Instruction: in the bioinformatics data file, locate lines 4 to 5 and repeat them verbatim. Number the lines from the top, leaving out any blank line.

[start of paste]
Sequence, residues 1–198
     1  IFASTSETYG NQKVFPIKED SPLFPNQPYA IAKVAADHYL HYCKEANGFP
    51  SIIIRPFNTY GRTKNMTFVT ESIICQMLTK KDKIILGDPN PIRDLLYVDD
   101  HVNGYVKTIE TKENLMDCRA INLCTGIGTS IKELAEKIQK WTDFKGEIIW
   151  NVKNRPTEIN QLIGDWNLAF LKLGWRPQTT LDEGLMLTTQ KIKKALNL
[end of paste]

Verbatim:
   101  HVNGYVKTIE TKENLMDCRA INLCTGIGTS IKELAEKIQK WTDFKGEIIW
   151  NVKNRPTEIN QLIGDWNLAF LKLGWRPQTT LDEGLMLTTQ KIKKALNL